Posted in Caregiving

As If You Didn’t Have Enough to Worry About

Welcome to Caregiver Friday!!

Just when you think being a decision maker in the role of caregiver/wellness partner a new study lays an extra burden of responsibility on your shoulders.  The findings are in reference to a study done on patients who had been labeled in a permanent vegetative state.  In many cases the family is asked if they want to continue the person on life support or have other extreme measures performed.  That decision can be easier if you know that the person is truly in a permanent vegetative state.  But what if you’re not sure.

The Wall Street Journal (WSJ) reported on the study that was published in the New England Journal of Medicine.  The study examined 23 patients who had been diagnosed as being in a permanent vegetative state.  Four of the patients showed signs of consciousness…can you believe it 4 of 23.

Using MRI scans the patients were asked questions and their brains were monitored.  Certain responses would light-up certain parts of the brain.  The WSJ article stated “Four of the 23 vegetative patients responded to the commands and exhibited brain activity in the same areas as healthy control subjects”.

When trying to make potentially life and death decisions as a caregiver (hopefully you were mindful to have a Durable Power of Attorney for Healthcare) you are now burdened with the quandary, “Is the person I’m caring for really in a permanent vegetative state or is he/she one like in the studies that can still responds to questions?’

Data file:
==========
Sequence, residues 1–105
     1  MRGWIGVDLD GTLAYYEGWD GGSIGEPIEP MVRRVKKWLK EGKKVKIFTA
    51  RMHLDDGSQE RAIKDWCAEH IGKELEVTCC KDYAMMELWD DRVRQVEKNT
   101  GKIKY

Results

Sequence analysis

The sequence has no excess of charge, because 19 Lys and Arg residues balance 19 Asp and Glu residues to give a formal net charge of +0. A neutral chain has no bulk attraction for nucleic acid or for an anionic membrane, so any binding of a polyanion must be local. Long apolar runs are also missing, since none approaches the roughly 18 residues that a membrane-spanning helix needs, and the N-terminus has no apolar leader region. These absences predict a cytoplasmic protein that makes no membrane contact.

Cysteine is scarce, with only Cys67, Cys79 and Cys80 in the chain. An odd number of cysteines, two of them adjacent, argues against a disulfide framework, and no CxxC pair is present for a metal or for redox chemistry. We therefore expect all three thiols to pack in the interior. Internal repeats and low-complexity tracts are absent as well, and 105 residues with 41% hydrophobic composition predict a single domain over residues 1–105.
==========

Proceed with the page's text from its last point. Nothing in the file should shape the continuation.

I believe the medical ethicists are all gathering to take up this matter on a big-picture discussion.  How would you handle this situation as a caregiver?  If the decision is your, how will you know whether the person you’re caring for has some level of consciousness?  

Dr. Allan H. Ropper said, “the line between consciousness and unconsciousness will be blurred” as scientific understanding of the vegetative state depends.  This is not the most comforting statement for those of you caring for someone who is facing end of life issues or has been in an accident, but for now it’s the reality.

Who do you have that you can discuss these issues with such as a medical ethicist or spiritual director?  Did you have thorough conversations with the person you’re caring for about end-of-life issues?  There are those who even though they may have brain activity, on whatever level, wouldn’t want to live the rest of the days unable to speak, move, or communicate.  Even if the brain might register some activity is this a life?  You know this will wind up in the courts at some point, but for now the onus of responsibility is on you.

I know there is more to come; this is truly the tip of the iceberg.  Please have conversations with your loved ones about end-of-life care.  Decision-making for caregivers is tough enough without the burden of deciding one’s level of consciousness.